[Marxism] Relevant to the German left discussion

Louis Proyect lnp3 at panix.com
Mon Mar 23 12:14:24 MDT 2009

For Unlimited Distribution           Excuse Double Posting
 From the desk of Reuven Kaminer      March 23, 2009

The Rosa Luxemburg Foundation Expands its Activities in Israel

Most of those on the left here in Israel welcomed the foundation and the 
growing success of the party of the German left, “Die Linke.” The party 
was created two years ago with the unification between the PDS (Party of 
Democratic Socialism), which rose in East Germany after the collapse of 
the Communist regime, and a radical wing of the Social Democrats which 
left their parent party. The unified party appears to be doing quite 
well and it is expected to earn some 10% (or more) of the vote in the 
next elections to the Bundestag.

Each of the two components is a story in itself, but, at this point, a 
few comments on the PDS may be helpful. The PDS established its own 
identity after the “fall” managing to break with Communist East German 
orthodoxy but insisting on the need to find its own path to the left of 
the cold-war Social Democrats. For a combination of strange historical 
factors, the PDS became a major party in the regions of the former 
German Democratic Republic. One of the important elements in its success 
was the task of exposing the hypocrisy of the German Federal Republic 
establishment which neglected and spurned the needs of the region, while 
waxing sentimental about the reunification miracle.  The PDS continued 
over the years to do well in the eastern regions but had little or no 
presence in the other regions of the Federal Republic of Germany. This 
changed radically for the better after the unification with the 
breakaway Social-Democratic formation.

According to German law, each faction in the Bundestag (which must meet 
the 5% minimum for representation), receives in proportion to its 
strength, an allocation for cultural and educational activity conducted 
both within Germany and abroad.  Here in Israel, we are familiar with 
the long active Adenauer, Ebert and Heinrich Boel foundations linked to 
the Christian Democrats, the Social Democrats and the Greens, respectively.

The Rosa Luxemburg Foundation, which has been active in Israel for a 
number of years has recently upgraded its level of representation and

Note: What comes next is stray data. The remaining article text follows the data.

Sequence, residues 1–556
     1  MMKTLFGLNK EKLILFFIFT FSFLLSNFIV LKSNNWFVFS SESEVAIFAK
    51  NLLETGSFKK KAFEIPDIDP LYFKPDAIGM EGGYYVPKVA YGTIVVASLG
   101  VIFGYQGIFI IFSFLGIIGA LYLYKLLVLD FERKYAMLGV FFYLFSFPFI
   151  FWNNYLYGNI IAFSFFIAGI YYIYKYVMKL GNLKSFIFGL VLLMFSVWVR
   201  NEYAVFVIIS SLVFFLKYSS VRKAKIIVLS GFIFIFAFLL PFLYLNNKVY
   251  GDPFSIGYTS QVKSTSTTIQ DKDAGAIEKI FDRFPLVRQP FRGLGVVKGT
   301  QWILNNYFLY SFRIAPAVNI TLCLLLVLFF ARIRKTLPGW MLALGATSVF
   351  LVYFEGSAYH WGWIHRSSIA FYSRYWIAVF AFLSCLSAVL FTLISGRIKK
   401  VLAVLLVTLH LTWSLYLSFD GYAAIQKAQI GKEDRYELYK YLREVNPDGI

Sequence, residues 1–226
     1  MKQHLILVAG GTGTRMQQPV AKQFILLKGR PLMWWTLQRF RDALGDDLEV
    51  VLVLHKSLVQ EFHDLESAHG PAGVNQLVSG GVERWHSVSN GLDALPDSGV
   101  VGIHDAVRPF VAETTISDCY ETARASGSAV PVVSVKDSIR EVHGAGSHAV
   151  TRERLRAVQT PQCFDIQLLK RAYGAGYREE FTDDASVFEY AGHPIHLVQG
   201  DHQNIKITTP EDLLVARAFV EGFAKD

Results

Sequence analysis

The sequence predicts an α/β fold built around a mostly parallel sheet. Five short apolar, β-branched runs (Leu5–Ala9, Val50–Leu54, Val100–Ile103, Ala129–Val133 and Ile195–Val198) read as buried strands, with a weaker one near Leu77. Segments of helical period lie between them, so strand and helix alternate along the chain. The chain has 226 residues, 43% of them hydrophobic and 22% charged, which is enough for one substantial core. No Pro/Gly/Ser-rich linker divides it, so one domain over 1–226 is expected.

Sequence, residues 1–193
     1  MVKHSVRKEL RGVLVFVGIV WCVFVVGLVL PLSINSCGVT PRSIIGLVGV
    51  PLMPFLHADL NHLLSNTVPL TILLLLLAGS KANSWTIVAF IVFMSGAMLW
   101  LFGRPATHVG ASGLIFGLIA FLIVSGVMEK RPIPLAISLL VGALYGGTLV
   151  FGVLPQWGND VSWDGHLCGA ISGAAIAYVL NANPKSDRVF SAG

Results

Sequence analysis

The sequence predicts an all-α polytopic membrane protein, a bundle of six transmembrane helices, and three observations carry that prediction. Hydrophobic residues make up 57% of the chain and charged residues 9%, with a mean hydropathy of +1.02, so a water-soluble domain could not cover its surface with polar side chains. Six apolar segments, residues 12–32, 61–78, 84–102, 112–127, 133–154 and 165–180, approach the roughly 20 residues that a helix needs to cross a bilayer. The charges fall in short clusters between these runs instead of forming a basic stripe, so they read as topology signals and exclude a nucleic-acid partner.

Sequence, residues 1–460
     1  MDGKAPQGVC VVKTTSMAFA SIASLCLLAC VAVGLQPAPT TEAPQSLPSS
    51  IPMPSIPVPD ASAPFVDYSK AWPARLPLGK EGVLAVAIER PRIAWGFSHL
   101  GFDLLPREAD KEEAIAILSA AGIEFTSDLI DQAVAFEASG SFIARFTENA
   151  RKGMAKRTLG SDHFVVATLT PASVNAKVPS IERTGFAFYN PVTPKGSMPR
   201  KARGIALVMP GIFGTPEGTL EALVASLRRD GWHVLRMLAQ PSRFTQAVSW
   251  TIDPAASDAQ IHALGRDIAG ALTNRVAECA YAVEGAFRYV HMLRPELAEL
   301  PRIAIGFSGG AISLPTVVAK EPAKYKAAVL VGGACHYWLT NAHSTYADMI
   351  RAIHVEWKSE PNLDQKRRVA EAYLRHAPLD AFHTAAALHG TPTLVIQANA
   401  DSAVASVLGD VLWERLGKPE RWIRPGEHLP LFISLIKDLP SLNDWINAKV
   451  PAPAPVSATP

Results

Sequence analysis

activities, including the establishment of two new offices in Tel Aviv 
and Ramallah. It sponsored on March 11, 2009 in Tel Aviv a very 
impressive full day seminar devoted to Rosa Luxemburg and relations 
between the Israeli and the German left. It is almost superfluous to 
note here that the Polish, German, Jewish revolutionary Rosa Luxemburg, 
was one of the giants of revolutionary socialism, an important 
theoretician, and an indefatigable proletarian leader. Luxembourg was 
murdered in 1918, a few days after she was released from prison where 
she was held because of her consistent opposition to the war.

A Complex and Sensitive Mission

Representing the German Left in Israel is a complex and sensitive 
mission.  The relations between the German people and the Jewish people 
are suffused with painful memory and fraught with tensions on the 
background of the Holocaust, after the horrendous murder of a third of 
the Jewish people.  Matters become more complex when one remembers that 
the “return of Germany to the family of nations” after the WWII was 
facilitated by a budding Israeli-German romance.  Back then Germany was 
being transformed into the faithful ally of the United States and a 
major force in NATO.  On this background, Israel, led by David Ben 
Gurion, initiated the historic reconciliation which included the 
(in)famous reparations agreement, thus granting major assistance to 
restoring the moral stature of the “new”  Germany.

There are those on the German Left who believe that the traumas of the 
past dictate a common German position in favor of Israel, which includes 
special consideration for all and any of Israel’s actions.  Gregor Gysi, 
a central political figure in the German “Die Linke” is a typical 
representative of this current of thought.  In an important speech,